Sep
2
11:00AM
Brian Balogh

Television Broadcast:  Virginia, Sept. 27, 2015 / Nationally, Sept. 30, 2015

Brian Balogh serves as Compton Professor and chair of the National Fellowship Program at the Miller Center, and as professor of history at the University of Virginia. The author of A Government Out of Sight: The Mystery of National Authority in Nineteenth-Century America, Balogh cohosts the public radio show Backstory with the American History Guys. His new book, The Associational State: American Governance in the Twentieth Century, provides a fresh perspective on the role that the private sector, trade associations, and professional organizations have played in implementing public policies from the late-19th through 21st centuries. Balogh examines key historical periods through the lens of political development, paying particular attention to the ways government, social movements, and intermediary institutions have organized support and resources to achieve public ends. The Associational State contends that a wide gap exists between the ideological rhetoric that both parties deploy today and their far less ideologically driven behavior over the past century and a half, and offers one solution to the partisan gridlock that currently grips the nation.

Aug
28
12:00PM
Wendy Sherman

This program will not be web streamed. 

PBS Television Broadcast:  Virginia, Sept. 13, 2015 / Nationally, Sept. 16, 2015

Wendy Sherman, former undersecretary for political affairs and lead U.S. negotiator with Iran as the Obama administration has pursued a nuclear agreement. A former social worker, she also served as the director for EMILY's List, a political fundraising group aimed at getting pro-choice Democratic women elected. She first served in the State Department under the Clinton administration. She was appointed to her current position in 2011 by then-Secretary of State Hillary Clinton.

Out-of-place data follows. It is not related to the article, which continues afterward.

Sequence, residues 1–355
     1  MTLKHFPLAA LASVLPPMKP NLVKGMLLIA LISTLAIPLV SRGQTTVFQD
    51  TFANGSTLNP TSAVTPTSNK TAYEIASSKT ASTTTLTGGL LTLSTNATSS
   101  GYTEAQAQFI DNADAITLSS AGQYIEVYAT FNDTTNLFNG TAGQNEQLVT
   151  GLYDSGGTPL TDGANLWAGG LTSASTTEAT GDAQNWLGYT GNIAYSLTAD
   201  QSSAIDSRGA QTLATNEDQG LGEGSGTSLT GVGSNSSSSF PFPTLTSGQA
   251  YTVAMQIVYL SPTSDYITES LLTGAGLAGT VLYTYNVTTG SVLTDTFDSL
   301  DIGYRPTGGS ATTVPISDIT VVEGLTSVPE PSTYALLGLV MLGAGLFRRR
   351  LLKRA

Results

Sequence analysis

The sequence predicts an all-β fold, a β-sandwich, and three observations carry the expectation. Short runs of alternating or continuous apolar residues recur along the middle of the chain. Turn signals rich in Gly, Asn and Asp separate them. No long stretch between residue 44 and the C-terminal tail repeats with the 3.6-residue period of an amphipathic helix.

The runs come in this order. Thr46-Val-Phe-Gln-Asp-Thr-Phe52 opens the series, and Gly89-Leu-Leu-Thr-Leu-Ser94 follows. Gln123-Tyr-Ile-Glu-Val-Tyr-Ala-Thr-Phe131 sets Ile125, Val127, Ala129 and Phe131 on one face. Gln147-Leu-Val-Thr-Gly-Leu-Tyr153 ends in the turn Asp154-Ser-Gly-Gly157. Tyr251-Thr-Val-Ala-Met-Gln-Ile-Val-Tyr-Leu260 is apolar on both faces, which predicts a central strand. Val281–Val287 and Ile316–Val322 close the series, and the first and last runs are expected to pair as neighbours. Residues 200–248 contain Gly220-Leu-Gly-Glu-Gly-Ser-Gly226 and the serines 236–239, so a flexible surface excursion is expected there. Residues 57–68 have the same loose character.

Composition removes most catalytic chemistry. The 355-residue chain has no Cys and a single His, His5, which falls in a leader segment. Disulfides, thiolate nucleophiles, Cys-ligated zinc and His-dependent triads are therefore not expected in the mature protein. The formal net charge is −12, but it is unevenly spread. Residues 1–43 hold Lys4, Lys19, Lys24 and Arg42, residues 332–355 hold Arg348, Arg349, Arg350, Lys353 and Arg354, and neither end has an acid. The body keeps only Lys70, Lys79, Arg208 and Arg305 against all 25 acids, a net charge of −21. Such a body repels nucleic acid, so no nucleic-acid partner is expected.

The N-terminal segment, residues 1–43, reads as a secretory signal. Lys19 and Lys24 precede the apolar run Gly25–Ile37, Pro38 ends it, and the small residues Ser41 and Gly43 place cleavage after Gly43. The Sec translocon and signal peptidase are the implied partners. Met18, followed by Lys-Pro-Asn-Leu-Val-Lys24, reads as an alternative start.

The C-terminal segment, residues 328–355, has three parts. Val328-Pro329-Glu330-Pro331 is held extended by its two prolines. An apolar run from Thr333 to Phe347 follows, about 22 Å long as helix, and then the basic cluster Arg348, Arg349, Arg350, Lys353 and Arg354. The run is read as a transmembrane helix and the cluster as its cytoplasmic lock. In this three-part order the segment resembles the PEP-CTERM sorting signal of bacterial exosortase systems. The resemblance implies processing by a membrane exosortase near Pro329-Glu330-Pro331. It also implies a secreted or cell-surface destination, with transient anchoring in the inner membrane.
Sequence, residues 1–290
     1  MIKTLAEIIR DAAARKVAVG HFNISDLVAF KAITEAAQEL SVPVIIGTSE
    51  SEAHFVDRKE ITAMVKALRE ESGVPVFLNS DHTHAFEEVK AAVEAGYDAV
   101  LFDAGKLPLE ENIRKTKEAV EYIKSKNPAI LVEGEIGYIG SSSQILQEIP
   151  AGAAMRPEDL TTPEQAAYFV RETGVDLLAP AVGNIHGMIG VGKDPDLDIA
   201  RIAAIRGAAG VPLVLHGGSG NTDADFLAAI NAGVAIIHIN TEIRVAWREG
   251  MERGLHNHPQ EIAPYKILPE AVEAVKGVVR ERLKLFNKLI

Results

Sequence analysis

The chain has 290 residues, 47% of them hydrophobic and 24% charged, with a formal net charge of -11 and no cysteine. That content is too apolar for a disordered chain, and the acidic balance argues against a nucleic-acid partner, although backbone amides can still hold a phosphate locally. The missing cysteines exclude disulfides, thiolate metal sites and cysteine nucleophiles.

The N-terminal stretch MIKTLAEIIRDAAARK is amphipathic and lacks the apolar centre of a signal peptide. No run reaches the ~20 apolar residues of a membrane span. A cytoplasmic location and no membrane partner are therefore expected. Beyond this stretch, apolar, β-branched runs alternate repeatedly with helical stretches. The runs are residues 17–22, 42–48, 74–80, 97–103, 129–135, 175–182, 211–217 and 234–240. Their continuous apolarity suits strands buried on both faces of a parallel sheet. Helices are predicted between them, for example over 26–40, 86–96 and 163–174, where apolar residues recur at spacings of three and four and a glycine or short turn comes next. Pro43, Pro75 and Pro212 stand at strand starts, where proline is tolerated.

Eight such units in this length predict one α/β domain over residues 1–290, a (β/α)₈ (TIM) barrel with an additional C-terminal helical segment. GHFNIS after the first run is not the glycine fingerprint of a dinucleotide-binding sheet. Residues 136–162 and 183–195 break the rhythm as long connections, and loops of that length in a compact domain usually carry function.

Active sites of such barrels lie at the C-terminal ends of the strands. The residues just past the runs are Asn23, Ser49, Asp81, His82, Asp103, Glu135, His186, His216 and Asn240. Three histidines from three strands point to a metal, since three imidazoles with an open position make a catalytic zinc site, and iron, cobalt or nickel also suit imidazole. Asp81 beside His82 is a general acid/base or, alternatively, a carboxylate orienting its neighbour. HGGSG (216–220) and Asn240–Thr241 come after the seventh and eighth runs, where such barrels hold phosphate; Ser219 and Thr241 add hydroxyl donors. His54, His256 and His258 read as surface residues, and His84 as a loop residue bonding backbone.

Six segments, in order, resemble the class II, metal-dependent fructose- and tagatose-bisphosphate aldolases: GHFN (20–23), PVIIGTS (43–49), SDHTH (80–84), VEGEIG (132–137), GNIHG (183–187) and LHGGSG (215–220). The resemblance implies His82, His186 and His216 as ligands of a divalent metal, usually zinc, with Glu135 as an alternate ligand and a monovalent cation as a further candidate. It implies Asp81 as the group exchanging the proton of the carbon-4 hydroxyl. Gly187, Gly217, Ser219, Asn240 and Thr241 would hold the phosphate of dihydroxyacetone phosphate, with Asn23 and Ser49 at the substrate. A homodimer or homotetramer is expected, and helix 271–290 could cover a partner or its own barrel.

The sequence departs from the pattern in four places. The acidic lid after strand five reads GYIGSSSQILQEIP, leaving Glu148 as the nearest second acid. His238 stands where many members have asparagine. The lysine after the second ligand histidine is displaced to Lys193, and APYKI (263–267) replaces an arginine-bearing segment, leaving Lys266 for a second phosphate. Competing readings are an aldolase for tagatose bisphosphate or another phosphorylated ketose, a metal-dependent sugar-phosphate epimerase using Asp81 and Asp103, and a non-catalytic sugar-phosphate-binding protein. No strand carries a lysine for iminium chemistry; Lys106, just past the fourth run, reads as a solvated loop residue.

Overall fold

Aug
26
11:00AM
Ryan Lizza

Television Broadcast:  Virginia, Sept. 20, 2015 / Nationally, Sept. 23, 2015

Ryan Lizza is the Washington correspondent for The New Yorker and an on-air contributor for CNN. Before joining The New Yorker in 2007, he served as political correspondent for The New Republic, correspondent for GQ, and contributing editor for New York. Lizza has also written for the New York TimesWashington Monthly, and The Atlantic. Since 1998, he has covered most of the country’s major political stories, including the last four presidential campaigns, and has written many political profiles for The New Yorker. His awards include the 2012 National Press Club’s Hood Award for Diplomatic Correspondence and the White House Correspondents’ Association’s Aldo Beckman Memorial Award. 

May
18
11:00AM
Orlando Patterson

Part of a new American Forum special series, What Now? Dialogues on Race in America

Television Broadcast: June 7, 2015

National Book Award winner ORLANDO PATTERSON, one of the nation’s leading sociologists, takes on a long-running debate over the causes of economic distress for inner-city America. Is it centuries of racism and discrimination against African Americans? Is it a failure of government policy since the Civil Rights movement? Or as New York magazine recently asked: does the real problem lie in “what black communities are doing to themselves”?  In his new book, The Cultural Matrix: Understanding Black Youth, Patterson seeks to unravel a uniquely American paradox: the socioeconomic crisis, segregation, and social isolation of disadvantaged black youth, on one hand, and their extraordinary integration and prominence in popular culture on the other. Patterson is the John Cowles Professor of Sociology at Harvard University and the author of Slavery and Social Death: A Comparative Study and The Ordeal of Integration: Progress and Resentment in America’s “Racial” Crisis. He has served as a special advisor for social policy and development to Prime Minister Michael Manley of Jamaica and is a founding member of Cultural Survival, one of the leading advocacy groups for the rights of indigenous peoples. His columns have appeared in Time, Newsweek, The New Republic, and the Washington Post. He is the recipient of many awards, including the National Book Award for Non-Fiction, the Ralph Bunche Award for the best book on pluralism, and the Order of Distinction by the Government of Jamaica.  Photo Credit: Stu Rosner

This event is part of…

What Now? Dialogues on Race in America: This series of American Forum episodes explores both historical and current race-related issues that have troubled the nation.

May
11
11:00AM

American Forum - Neither Left nor Right:  A Different Approach on Race

Fredrick C. Harris, Robert C. Lieberman

May 11, 2015, 11:00AM

Fredrick C. HarrisRobert C. Lieberman

Part of a new American Forum special series in Spring 2015

What Now? Dialogues on Race in America

Television Broadcast: May 31, 2014